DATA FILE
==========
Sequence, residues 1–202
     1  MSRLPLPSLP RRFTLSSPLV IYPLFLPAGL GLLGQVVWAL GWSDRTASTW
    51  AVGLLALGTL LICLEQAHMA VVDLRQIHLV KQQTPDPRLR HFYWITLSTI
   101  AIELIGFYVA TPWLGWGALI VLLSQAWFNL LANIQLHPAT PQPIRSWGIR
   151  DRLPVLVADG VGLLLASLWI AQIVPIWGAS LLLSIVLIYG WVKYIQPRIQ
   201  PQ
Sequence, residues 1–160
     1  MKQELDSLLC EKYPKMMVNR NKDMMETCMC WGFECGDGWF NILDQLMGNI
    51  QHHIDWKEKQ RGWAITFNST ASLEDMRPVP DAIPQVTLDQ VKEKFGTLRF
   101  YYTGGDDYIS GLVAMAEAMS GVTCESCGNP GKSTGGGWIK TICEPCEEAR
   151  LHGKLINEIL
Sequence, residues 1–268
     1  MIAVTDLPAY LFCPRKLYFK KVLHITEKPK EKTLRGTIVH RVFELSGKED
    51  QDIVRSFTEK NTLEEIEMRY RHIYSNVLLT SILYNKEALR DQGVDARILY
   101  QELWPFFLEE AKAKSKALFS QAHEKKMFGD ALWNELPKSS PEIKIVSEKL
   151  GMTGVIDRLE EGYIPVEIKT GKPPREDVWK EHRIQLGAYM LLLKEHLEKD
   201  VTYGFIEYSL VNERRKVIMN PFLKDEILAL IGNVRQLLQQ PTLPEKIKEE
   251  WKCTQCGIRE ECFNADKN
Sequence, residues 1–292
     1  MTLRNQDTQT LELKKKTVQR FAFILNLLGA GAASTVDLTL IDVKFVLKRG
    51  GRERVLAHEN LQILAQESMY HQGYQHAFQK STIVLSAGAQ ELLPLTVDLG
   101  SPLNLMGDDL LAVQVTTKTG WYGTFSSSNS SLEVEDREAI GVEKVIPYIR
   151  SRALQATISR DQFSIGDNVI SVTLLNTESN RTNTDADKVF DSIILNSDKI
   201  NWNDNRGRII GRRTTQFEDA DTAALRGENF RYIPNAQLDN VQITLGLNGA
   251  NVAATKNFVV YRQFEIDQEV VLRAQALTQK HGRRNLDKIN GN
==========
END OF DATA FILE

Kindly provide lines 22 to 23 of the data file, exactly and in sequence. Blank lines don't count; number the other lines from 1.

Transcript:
   101  SPLNLMGDDL LAVQVTTKTG WYGTFSSSNS SLEVEDREAI GVEKVIPYIR
   151  SRALQATISR DQFSIGDNVI SVTLLNTESN RTNTDADKVF DSIILNSDKI